Balancing the worlds of psychology and artistry, Dr. Ramona Szczerba, aka Winona Cookie, playfully creates inviting worlds filled with mystical goddesses, steampunk adventurers and vintage heroines. “Art is about connections. My art wants to be seen. When it’s received, the connection is complete. As the creator, it’s a nice place to be.”
Imagine. Under the waves of water-colored oceans, you can find a trio of women adventurers traveling across the jet stream in their fantastic swimming machines. With the knowing tumble of her auburn locks, The Magician prepares to cast a spell of Tarot wisdom in the springtime blooms of the universal forest. A pink balloon effortlessly floats from the hand of a birthday girl precociously sitting at a table set for tea as she faces social distancing thinking, “Well, this bites.”
These visual delights come from the unbridled imagination of Dr. Ramona Szczerba, who regularly reinvents herself as the artist known as Winona Cookie. She is a visionary creative whose collages and illustrations are celebrated by the Lesbian, Wiccan and steampunk communities.
Born in Wilmington, Delaware, Ramona’s grandfather predicted her future profession as an artist when she received her first oil painting kit. She recalls spending many hours of her childhood decorating delivery boxes in the storage room of the liquor store where her father worked.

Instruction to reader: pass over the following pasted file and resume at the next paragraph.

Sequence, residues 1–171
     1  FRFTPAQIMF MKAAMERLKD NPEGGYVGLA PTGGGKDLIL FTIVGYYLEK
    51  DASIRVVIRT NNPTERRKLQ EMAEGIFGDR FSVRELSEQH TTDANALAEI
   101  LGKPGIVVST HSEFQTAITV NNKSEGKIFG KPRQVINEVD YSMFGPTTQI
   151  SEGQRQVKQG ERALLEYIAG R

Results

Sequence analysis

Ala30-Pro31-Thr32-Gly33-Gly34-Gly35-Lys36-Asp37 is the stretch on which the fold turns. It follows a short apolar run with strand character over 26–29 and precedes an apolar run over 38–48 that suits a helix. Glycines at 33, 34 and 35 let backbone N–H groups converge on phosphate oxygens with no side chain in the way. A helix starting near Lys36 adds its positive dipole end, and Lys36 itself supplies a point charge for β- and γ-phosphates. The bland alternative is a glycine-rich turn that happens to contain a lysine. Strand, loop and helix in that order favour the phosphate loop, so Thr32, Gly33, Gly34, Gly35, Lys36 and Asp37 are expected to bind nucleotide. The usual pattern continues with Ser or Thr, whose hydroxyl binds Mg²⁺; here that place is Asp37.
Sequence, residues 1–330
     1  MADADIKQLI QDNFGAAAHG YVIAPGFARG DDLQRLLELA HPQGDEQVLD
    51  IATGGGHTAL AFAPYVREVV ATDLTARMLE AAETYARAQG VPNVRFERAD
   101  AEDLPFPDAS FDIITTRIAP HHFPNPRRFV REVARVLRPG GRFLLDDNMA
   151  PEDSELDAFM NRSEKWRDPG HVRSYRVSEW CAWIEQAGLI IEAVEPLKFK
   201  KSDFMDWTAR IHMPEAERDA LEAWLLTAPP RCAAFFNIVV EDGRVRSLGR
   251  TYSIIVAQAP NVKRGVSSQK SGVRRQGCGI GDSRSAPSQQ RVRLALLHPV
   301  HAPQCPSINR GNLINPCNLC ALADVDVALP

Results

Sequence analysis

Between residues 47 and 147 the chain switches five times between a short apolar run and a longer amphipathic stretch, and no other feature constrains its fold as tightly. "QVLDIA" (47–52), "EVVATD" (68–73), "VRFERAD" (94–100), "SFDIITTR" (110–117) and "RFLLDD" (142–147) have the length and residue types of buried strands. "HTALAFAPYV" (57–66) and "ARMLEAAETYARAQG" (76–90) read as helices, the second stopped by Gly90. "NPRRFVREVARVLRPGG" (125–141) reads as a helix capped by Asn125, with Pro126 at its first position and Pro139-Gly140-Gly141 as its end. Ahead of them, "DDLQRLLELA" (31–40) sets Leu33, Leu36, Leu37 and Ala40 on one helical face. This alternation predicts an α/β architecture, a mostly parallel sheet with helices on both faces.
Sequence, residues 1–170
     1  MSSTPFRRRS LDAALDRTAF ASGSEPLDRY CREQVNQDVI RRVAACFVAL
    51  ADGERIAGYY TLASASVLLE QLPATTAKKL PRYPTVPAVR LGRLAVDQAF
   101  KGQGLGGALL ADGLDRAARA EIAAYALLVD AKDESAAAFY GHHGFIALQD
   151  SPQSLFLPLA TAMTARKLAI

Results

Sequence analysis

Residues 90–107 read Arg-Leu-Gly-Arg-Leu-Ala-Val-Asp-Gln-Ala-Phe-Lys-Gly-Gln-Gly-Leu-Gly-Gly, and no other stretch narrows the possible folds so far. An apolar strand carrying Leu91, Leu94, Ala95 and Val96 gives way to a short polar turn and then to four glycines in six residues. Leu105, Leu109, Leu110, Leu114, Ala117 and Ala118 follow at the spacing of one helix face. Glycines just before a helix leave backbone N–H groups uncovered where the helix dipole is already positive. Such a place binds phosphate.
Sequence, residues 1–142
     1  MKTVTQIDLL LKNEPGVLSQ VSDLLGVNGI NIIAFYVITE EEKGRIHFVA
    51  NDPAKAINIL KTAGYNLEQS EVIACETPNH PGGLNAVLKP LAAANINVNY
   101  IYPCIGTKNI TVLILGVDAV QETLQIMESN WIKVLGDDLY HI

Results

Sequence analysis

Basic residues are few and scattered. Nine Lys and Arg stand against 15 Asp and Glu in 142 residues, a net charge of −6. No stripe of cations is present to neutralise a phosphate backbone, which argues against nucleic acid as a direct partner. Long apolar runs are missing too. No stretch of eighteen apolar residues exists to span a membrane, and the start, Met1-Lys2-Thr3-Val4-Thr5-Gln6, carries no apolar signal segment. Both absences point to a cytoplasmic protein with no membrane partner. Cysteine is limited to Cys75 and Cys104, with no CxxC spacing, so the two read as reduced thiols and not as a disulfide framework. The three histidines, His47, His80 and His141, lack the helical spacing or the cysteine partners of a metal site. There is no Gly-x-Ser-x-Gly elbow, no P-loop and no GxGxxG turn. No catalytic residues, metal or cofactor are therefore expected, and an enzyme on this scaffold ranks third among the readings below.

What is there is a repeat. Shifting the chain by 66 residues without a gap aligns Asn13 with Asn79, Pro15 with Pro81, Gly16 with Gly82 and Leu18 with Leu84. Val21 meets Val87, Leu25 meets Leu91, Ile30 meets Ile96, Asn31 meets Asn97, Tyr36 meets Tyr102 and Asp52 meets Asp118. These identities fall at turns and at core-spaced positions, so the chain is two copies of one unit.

She graduated from University of Delaware with a double major in Psychology and English with a minor in Art. This was followed by a master’s degree in Education in Counseling and Consulting Processes from Harvard University.
When she eventually settled into San Diego to get her Ph.D. in Clinical Psychology from California School of Professional Psychology, the possibilities of life opened up for her. She rekindled her interest in art, studying with her dissertation chairperson and award-winning watercolor artist Dr. Mark Sherman in Del Mar. Ramona came out as a Lesbian and her research interests and dissertation focused on attitudes toward Gays and Lesbians and discriminatory behavior.